3 things you might have not known about fishing in the U.S.

Recreational fishing has become an economic powerhouse over the past several years, and and the stats show it clearly. Back in 2011, the U.S. Fish and Wildlife Service’s National Survey of Fishing, Hunting, and Wildlife-Associated Recreation showed that there were more than forty-six million licensed anglers in the United States.

All of these fishermen and women generate around fifty billion in retail sales, so fishing has become quite the industry. While some might argue that the rise of big brands might not be so good in the long run, the fact of the matter is that most of the companies that deal with manufacturing tackle and gear destined for fishing have created about nine hundred thousand job openings in the past couple of years.

From fishing carts to actual rods and reels, these brands know that anglers like a bit of variety, and that’s why they do their best when it comes to designing products that are user-friendly, portable, and above all, reasonably priced so as to fit the bill.

Here are 3 things you might not have known about fishing in the United States.

  1. It’s one of the most popular outdoor activities in the country

About 18% of all Americans engage in fishing at some point or the other, and believe it or not, most of them go angling alone. At the time this article was written, there were over 49.5 million anglers in the country. While the majority of these people go on four to eleven fishing trips per year, there are older generations who go fishing on more than 100 days in a year.

Part of the reasons that make fishing one of the most attractive pastimes especially for people who are retired is that they get to spend time in nature and escape the demands of everyday life. On average, an American fisherman or woman spends about forty dollars on equipment, so the actual financial effort per capita isn’t shocking. Considering that over twenty-eight million Americans are fishing license holders, it’s no surprise that the cross cost of them went above 680 million dollars in 2015.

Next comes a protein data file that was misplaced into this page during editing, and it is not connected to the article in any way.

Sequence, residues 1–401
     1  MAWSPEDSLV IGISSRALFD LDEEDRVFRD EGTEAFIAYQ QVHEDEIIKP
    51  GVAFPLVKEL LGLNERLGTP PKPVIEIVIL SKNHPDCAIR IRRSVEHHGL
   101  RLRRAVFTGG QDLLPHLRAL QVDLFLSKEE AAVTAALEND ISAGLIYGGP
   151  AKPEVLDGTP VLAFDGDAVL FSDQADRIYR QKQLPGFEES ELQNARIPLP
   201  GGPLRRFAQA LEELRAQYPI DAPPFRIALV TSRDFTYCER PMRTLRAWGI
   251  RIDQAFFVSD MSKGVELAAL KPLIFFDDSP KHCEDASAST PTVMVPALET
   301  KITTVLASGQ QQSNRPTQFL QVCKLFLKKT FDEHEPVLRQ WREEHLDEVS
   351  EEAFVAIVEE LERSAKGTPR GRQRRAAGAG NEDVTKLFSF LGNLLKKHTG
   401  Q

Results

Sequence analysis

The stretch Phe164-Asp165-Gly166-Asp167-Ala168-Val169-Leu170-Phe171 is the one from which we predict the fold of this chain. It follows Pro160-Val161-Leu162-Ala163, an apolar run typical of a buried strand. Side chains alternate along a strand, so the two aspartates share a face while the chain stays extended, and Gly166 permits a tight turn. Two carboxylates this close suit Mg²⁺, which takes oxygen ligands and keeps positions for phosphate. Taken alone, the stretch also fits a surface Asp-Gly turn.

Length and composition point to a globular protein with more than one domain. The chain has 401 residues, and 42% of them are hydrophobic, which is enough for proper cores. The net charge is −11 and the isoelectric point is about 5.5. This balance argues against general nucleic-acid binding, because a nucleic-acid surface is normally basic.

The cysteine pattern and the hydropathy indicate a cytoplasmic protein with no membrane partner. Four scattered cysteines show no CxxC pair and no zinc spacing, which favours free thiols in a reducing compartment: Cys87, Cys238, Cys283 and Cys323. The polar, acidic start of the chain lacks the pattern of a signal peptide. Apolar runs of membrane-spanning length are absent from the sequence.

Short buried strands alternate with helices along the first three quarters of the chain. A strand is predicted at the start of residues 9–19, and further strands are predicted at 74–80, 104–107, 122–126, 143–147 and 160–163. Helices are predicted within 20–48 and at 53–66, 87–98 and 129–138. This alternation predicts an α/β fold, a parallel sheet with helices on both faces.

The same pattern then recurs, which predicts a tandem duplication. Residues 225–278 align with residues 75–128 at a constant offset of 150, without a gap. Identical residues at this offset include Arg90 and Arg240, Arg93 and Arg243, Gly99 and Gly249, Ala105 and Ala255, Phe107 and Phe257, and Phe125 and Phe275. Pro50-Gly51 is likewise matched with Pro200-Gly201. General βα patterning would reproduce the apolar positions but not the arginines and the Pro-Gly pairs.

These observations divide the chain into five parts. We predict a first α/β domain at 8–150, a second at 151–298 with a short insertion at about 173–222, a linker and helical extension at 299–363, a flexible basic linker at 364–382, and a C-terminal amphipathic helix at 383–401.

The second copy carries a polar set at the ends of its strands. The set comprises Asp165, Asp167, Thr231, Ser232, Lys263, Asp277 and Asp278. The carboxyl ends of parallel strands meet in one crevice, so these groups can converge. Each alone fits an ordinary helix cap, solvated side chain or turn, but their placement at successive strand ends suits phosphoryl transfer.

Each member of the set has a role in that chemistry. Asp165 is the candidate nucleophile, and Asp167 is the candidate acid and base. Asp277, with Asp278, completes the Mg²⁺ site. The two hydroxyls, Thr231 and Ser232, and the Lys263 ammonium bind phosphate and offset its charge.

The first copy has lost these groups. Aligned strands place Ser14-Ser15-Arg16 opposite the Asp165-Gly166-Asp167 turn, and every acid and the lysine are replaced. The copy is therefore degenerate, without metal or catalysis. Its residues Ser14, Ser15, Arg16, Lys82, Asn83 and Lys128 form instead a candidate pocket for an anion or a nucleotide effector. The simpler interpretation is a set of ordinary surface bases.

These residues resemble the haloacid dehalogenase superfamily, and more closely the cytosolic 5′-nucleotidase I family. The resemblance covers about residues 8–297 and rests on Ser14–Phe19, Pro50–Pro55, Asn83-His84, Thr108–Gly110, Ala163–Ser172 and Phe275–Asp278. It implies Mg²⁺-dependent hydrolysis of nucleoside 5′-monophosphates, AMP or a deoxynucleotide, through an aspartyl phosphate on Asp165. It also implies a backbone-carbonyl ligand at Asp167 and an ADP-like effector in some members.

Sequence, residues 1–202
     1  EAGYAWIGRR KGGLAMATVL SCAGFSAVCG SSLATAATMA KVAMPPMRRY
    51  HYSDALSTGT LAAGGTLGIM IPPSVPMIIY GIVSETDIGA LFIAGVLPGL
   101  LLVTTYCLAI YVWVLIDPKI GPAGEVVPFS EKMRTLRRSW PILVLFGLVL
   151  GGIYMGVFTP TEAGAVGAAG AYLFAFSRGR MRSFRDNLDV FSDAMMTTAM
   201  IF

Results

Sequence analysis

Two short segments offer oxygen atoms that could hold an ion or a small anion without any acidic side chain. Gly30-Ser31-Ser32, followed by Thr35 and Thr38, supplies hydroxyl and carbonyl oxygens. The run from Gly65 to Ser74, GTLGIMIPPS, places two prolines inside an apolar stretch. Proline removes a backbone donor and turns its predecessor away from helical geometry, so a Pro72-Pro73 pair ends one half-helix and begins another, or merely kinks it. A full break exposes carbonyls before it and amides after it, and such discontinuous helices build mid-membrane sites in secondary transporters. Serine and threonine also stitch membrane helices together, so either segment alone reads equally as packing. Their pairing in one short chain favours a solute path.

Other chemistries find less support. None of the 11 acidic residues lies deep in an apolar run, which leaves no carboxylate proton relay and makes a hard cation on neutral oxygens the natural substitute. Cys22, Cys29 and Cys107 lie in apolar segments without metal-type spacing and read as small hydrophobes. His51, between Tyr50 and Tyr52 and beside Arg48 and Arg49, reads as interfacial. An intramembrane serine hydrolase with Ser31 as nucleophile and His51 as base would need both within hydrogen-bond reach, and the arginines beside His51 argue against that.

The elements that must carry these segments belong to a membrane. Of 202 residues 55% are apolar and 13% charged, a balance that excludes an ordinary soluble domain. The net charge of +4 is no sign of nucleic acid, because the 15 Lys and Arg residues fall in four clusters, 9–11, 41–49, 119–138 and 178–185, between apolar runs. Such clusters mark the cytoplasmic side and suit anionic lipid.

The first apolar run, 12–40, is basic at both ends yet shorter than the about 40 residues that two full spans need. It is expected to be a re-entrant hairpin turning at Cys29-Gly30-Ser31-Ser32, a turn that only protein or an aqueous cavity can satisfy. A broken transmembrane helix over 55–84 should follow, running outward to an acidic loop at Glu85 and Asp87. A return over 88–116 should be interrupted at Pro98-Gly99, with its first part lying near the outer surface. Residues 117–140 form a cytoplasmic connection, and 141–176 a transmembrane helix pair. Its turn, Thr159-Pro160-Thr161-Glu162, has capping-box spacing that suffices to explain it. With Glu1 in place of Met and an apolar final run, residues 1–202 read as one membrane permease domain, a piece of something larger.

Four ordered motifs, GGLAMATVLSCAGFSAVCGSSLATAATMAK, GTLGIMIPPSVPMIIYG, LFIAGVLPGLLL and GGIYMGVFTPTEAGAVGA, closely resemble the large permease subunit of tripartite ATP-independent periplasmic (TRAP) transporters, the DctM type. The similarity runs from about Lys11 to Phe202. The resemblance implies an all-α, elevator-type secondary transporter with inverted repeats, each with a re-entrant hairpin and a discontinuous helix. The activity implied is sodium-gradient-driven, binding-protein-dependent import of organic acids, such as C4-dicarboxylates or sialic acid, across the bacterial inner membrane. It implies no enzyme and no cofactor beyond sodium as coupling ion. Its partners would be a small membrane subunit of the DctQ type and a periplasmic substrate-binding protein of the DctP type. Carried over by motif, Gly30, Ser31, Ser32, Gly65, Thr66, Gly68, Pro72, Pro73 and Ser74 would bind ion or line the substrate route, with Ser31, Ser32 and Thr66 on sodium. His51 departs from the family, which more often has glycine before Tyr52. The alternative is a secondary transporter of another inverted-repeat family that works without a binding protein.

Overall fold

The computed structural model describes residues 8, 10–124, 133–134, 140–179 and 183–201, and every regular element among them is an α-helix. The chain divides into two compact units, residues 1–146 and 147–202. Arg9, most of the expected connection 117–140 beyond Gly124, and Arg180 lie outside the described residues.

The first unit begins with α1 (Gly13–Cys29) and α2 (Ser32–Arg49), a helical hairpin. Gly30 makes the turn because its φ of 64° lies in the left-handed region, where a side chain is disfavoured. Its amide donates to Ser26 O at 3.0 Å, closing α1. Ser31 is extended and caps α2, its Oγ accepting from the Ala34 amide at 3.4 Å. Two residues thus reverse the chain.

1. Every state has different regulations

If you are an American, you can probably skip this part. If you’re from any other part of the world, however, and would like to go on a fishing trip while you’re spending time in the United States, you need some guidance with regard to getting permits for the type of angling you will engage in.

Regulations differ largely from one state to the next, with some allowing people over the age of 65 and under the age of 15 to receive free licenses or have none. Others are a bit more strict in this sense, so the minimum age ranges from 16 to 18, and to qualify for a free license, you need to be at least 80-years-old.

Some species are protected by the law, so you are not allowed to fish them, not even for catch and release. Every place has limitations regarding the maximum number of fish you can catch and take with you and they vary from species to species. There are some species where this limit does not exist, so you’re free to fish as many as you like.

Loitering and throwing parts of fish in the water is usually against the law regardless of the state you will be angling in. You are not allowed to fish on private property unless it is your own. If there are rivers, streams, or lakes on your property, you need to make sure that they do not belong to the government because if they do, you’ll need a license to fish in those waters.